• Banno
    11.6k
    @RussellA brought this article to my attention in the course of the thread An Analysis of "On Certainty". See
    https://thephilosophyforum.com/discussion/comment/516983
    https://thephilosophyforum.com/discussion/comment/517740

    I think it presents a fine account of On Certainty, but in the end misses at least one key aspect of the way language games should be pictured.

    I've moved the discussion here because the topic ceases to be OC and becomes Grayling's OC - Graylingstein?

    This is a start up post just to mark a place; feel free to jump in with you own account of Grayingstein... Or wait for me to give mine.
  • Banno
    11.6k
    Part I
    Grayling finds two views in OC:

    OC1: Our beliefs are to be found only within language games, each of which is formed by taking some beliefs as non-negotiable.

    OC2: Truth and knowledge are relative in that they are dependent on the language game in which the claims of truth or knowledge occur.

    Grayling claims that OC1 rests on a transcendental argument, an argument form that ought be treated with suspicion.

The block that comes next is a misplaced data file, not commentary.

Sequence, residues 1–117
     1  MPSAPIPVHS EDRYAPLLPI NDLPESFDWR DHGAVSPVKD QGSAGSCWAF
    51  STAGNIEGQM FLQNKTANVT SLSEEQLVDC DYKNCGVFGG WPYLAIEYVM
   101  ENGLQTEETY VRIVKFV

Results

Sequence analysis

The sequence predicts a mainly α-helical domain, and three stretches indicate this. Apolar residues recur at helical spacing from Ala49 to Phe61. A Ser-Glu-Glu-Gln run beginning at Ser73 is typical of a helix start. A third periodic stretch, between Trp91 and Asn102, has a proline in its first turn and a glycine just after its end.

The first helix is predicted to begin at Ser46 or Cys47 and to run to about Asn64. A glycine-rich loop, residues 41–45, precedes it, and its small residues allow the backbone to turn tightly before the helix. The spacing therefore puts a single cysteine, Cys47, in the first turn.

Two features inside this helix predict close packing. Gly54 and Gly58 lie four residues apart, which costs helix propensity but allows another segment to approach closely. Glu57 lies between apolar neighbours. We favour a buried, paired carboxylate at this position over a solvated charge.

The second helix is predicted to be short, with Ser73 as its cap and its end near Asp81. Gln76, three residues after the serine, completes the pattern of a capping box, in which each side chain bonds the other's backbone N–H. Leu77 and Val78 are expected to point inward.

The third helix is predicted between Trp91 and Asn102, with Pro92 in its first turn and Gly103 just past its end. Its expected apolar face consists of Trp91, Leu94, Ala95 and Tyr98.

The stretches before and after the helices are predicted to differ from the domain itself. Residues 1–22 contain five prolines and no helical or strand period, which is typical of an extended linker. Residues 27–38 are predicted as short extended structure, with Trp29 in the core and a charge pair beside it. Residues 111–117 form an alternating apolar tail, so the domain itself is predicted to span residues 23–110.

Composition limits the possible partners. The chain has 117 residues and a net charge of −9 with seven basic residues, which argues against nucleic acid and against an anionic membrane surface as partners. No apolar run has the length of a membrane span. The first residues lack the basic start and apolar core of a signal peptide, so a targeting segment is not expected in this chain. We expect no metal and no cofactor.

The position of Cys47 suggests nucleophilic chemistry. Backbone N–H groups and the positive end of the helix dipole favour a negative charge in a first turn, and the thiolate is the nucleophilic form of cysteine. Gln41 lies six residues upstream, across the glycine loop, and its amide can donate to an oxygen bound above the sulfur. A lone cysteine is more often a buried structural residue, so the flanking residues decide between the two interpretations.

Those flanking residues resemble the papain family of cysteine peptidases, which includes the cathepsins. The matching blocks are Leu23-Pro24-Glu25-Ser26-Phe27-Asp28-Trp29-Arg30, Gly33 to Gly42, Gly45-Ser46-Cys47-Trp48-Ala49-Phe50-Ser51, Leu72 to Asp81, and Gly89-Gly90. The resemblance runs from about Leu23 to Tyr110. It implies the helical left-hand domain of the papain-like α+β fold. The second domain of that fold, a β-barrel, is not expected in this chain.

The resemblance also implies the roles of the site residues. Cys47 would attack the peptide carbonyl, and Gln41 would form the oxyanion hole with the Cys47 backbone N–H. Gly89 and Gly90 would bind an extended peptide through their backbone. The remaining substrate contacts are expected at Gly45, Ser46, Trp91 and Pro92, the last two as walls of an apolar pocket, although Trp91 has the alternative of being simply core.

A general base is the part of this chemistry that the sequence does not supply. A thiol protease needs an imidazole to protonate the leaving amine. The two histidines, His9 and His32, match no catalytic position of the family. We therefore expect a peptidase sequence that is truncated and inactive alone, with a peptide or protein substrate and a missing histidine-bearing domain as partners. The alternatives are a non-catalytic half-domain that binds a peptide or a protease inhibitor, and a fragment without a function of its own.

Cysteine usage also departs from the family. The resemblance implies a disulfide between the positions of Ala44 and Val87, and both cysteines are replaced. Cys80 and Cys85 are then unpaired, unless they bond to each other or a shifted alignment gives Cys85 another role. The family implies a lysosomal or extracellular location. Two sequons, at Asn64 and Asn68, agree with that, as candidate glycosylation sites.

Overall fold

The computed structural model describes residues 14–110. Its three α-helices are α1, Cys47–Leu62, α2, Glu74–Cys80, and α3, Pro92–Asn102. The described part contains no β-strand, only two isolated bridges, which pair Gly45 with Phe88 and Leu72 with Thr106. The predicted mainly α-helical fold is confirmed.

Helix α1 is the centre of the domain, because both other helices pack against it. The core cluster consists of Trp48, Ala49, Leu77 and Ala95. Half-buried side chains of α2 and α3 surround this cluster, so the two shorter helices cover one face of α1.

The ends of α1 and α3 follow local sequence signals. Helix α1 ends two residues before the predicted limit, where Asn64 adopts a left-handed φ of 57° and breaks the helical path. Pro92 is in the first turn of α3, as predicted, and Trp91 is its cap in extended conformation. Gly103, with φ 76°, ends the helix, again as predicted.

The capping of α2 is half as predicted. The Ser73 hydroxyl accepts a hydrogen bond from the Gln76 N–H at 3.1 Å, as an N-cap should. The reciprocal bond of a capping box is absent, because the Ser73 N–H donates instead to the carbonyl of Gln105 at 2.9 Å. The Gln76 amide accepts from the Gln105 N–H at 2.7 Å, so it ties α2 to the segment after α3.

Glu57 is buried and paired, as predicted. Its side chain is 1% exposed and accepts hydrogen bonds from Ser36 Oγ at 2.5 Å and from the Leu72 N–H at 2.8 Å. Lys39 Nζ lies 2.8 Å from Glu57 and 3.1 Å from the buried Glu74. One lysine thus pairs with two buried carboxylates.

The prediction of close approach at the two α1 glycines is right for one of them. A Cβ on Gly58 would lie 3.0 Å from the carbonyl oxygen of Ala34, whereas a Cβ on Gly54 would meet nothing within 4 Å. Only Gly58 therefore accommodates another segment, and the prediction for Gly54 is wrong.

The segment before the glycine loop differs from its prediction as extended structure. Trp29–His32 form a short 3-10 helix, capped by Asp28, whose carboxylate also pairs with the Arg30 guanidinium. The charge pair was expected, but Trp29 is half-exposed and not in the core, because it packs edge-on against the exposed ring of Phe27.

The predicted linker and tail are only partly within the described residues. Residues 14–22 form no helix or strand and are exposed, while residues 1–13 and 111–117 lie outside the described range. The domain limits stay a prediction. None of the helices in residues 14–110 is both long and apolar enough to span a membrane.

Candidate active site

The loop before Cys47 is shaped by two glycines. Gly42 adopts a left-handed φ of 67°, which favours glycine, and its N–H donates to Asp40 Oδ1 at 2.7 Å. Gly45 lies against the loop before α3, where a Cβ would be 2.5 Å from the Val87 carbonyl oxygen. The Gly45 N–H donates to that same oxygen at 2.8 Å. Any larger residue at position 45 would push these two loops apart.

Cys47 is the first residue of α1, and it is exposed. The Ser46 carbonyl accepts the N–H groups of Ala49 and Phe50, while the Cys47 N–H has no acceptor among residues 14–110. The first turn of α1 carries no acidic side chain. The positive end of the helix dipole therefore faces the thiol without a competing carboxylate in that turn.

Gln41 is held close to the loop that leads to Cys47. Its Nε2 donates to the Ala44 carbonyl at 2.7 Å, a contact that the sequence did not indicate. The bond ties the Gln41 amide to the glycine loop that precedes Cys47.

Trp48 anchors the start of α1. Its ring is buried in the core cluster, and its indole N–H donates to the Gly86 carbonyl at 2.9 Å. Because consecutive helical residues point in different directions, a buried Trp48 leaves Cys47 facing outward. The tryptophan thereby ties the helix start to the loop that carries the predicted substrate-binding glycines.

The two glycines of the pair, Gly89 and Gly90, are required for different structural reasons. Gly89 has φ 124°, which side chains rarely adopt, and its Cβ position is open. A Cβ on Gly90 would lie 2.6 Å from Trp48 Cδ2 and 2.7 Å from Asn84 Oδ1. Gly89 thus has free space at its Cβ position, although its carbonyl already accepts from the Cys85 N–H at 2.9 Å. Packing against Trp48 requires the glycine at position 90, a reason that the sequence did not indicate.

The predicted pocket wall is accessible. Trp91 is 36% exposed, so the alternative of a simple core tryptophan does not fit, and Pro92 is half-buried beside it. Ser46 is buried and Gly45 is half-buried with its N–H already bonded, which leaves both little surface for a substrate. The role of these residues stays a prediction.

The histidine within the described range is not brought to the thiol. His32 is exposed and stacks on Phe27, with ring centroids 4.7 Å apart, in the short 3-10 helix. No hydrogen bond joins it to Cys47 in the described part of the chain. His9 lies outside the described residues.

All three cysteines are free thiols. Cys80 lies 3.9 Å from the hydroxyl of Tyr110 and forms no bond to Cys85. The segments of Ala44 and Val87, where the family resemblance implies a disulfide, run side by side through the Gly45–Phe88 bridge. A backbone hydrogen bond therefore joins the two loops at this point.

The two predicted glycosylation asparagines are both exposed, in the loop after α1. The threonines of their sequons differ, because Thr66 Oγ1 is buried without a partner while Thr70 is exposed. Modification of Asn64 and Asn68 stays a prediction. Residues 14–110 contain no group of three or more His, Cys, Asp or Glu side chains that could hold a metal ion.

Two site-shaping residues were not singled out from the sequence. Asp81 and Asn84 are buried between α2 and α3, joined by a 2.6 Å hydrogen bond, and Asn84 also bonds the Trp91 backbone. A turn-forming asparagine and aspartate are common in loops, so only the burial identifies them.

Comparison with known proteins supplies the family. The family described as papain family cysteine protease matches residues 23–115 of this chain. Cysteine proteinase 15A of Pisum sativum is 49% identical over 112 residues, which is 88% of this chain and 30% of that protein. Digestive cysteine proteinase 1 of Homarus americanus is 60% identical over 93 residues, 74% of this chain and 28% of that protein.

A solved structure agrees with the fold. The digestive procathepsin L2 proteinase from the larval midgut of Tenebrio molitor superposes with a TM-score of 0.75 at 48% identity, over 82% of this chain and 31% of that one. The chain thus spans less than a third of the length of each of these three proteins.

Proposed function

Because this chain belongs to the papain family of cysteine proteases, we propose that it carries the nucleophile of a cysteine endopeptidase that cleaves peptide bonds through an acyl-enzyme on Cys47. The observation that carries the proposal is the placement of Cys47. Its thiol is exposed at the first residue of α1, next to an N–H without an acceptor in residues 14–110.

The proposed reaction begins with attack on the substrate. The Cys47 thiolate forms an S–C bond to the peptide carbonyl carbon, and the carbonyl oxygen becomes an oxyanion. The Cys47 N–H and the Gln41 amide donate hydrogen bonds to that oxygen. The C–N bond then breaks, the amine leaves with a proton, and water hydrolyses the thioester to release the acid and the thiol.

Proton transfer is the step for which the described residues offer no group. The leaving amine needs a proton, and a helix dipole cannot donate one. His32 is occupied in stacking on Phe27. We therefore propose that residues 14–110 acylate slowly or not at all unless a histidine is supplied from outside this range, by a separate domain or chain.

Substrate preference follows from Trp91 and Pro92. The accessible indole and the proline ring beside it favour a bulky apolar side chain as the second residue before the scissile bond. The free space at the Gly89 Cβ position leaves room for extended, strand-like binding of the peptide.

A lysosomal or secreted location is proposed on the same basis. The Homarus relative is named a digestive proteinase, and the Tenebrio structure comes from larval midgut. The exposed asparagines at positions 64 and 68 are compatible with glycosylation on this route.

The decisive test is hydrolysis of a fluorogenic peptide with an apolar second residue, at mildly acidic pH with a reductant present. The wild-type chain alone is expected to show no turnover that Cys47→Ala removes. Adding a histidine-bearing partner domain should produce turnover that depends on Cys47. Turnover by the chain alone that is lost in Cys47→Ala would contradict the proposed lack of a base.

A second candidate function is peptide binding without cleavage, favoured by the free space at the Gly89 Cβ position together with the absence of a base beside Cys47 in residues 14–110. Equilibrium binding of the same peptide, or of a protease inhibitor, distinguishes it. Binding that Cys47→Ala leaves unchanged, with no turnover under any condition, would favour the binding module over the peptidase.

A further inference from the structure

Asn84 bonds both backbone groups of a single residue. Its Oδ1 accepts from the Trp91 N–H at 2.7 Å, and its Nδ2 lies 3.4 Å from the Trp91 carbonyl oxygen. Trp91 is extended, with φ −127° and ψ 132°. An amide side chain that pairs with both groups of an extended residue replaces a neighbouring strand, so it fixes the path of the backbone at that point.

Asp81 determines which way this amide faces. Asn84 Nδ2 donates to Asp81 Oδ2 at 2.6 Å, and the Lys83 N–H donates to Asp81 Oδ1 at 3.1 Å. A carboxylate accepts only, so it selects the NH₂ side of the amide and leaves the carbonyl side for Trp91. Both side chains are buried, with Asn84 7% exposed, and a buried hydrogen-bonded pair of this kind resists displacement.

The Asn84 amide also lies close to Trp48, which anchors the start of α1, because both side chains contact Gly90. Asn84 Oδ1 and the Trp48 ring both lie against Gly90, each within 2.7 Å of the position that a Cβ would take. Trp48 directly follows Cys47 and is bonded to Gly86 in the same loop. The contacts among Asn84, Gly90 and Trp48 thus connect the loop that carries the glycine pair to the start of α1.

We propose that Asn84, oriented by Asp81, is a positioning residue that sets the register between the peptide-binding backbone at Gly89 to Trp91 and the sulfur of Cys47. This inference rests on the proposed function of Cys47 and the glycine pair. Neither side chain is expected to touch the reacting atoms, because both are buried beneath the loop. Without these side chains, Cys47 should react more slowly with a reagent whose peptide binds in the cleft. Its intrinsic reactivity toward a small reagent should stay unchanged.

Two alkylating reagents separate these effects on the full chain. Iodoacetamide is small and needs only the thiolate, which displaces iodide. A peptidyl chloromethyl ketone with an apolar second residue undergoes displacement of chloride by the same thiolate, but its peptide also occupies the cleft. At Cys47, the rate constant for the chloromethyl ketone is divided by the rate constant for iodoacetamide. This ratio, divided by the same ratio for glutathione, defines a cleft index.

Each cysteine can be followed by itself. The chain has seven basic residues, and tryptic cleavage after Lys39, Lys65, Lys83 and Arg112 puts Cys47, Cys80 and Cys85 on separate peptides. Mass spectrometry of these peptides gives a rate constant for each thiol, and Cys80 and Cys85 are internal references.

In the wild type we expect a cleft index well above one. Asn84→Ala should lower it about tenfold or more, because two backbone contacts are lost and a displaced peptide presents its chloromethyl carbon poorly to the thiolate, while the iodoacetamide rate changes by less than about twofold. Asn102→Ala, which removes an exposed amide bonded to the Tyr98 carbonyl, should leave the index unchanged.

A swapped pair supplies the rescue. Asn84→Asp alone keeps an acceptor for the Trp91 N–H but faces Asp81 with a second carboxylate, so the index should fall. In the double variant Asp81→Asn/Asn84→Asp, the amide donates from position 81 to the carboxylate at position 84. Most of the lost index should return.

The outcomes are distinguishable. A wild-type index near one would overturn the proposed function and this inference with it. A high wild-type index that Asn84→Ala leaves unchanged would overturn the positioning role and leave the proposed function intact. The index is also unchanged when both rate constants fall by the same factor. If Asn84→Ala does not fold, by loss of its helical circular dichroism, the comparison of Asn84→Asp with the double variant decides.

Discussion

The general form of transcendental arguments is that X occurs only if Y; X occurs; hence, Y. The case Grayling has in mind seems to be that doubt can occur only within a system of believe; but doubts occur; hence there must be a system of belief in which to doubt.

    I do not think this does justice to Wittgenstein's nuanced account. But I might leave this for others to comment on.
  • Mww
    2.3k


    I’m not knowledgeable enough with the particular background sufficient to comment, but nonetheless an interesting read.
  • Banno
    11.6k
    Part II
    This section seeks to build tension between OC1 and OC2.This he does by having his sceptic move from doubting the book before us, to doubting the system in which we believe there is a book before us.

    And here it all becomes very curious.

    A topic to which I have returned repeatedly is the relation between Davidson's radical interpretation and Wittgenstein's language games, so it pleases me greatly to see Grayling addressing this. I'll throw my hat into the ring and agree outright with Davidson, Ido not think that a sceptic can sensibly posit a language that cannot be translated into our own. At the least we could not conceive of such radical incommensurability as constituting a language.